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Winners of the 2018 Nobel Prizes Announced

Sabrina Li, Staff Writer

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Last week, the winners of the 2018 Nobel Prizes were announced. This year’s winners included scientists who weaponized the immune system to fight cancer, a chemist who applied evolutionary principles to enzymes, and an economist who used macroeconomic principles to analyze climate change and its effects.

At the turn of the 20th century, the Nobel Prize was created as a way to commemorate the elite of the Chemistry, Literature, Peace, Physics, and Physiology or Medicine fields. Its namesake, Dr. Alfred B. Nobel (the chemist and physicist behind dynamite), created the prize and funded the monetary award through his will. In 1969, economics was added to the other fields.

For the Nobel Prize in Physiology or Medicine 2018, James P. Allison of the United States and Tasuku Honjo of Japan were recognized “for their discovery of cancer therapy by inhibition of negative immune regulation.” These two independent researchers both created drugs called immune checkpoint inhibitors that essentially remove the “brakes” that block T-cells from attacking tumor cells. By removing these “brakes,” the T-cells can properly attach to tumor cells. These drugs also mark the first time that a Nobel Prize has been given to cancer treatments.

For the Nobel Prize in Physics 2018, the Nobel Laureates were awarded prizes “for groundbreaking inventions in the field of laser physics.” Arthur Ashkin of the United States was recognized “for the optical tweezers and their application to biological systems” and Gérard Mourou and Donna Strickland, of France and Canada, were recognized “for their method of generating high-intensity, ultra-short optical pulses.” Dr. Ashkin’s work with optical tweezers allows for the use of “the radiation pressure of light to move physical objects.” Dr. Mourou and Dr. Strickland were recognized for their work on a technique that allowed researchers to boost the power of lasers and create “the shortest and most intense laser pulses ever created by mankind.” Dr. Bonna Strickland also became the third woman ever to win the Nobel Prize in physics, with the previous two female winners being in 1903 when Marie Curie won for her work on radioactivity and in 1963 when Maria Geoppert-Mayer won for her work on atomic structure.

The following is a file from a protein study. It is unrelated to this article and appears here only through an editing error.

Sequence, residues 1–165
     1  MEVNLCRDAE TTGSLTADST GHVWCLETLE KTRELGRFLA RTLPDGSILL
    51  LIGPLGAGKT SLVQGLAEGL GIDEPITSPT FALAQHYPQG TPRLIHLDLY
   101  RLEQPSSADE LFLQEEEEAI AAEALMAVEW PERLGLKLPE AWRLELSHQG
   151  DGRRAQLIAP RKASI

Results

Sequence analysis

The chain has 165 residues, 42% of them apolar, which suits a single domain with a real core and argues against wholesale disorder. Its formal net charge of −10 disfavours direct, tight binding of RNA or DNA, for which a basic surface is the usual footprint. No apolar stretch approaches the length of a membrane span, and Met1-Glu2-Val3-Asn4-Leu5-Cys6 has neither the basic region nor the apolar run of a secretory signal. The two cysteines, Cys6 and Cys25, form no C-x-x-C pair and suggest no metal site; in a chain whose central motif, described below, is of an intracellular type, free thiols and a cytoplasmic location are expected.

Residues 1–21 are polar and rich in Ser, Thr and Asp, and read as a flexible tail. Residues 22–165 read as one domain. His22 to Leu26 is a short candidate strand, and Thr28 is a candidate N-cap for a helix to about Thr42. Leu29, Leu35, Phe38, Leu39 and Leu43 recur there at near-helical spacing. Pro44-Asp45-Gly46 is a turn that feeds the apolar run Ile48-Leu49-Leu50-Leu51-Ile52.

For the Nobel Prize in Chemistry 2018, Frances H. Arnold of the United States was recognized “for the directed evolution of enzymes” and George P. Smith of the United States and Sir Gregory P. Winter of the United Kingdom were recognized “for [their work on] phage display of peptides and antibodies.” Dr. Arnold was able to create specific and new enzymes by randomly mutating the DNA of similar enzymes. This procedure is fundamental in the use of enzymes for commercial, industrial, and research use.  Dr. Smith and Dr. Winter both did work on bacteriophages, which are bacteria-infecting viruses. They found that by inserting DNA that codes for specific antibodies into the viruses, they could stick the antibodies to the outer shell of the virus. This procedure allows for  viruses with specialized antibodies to bind to other bacterias and viruses and signal immune responses. It is an important treatment for autoimmune diseases and certain cancers.

For the Nobel Peace Prize 2018, Denis Mukwege of the Democratic Republic of Congo and Nadia Murad of Iraq were recognized “for their efforts to end the use of sexual violence as a weapon of war and armed conflict.” Dr. Denis Mukwege was awarded for his work in “helping the victims of sexual violence in the Democratic Republic of Congo” through the establishment of the Panzi Hospital. Nadia Murad was a formal victim of sexual violence at the hands of IS (the Islamic State). She was able to escape and decided to speak openly about her abuse. In 2016, she was named the UN’s first Goodwill Ambassador for the Dignity of Survivors of Human Trafficking.

For the Sveriges Riksbank Prize in Economic Sciences in Memory of Alfred Nobel 2018, William D. Nordhaus of the United States was recognized “for integrating climate change into long-run macroeconomic analysis” and Paul M. Romer of the United States “for integrating technological innovations into long-run macroeconomic analysis.” Both researchers used models to analyze the interactions of the economy with climate change and technology.

This year’s Nobel Prize in Literature 2018 has been postponed until next year due to the Swedish Academy being hit with a string of resignations and accusations of sexual assault. The Swedish Academy, which nominates writers for each year’s prize in literature, stated that in 2019 there will be two prizes awarded, one for 2018 and one for 2019.

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About the Writer
Sabrina Li, Staff Writer

Sabrina Li ('20) is a Staff Writer for The Echo. She spends her days binge-watching Netflix shows and shamelessly singing in and out of the shower. Her...

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Winners of the 2018 Nobel Prizes Announced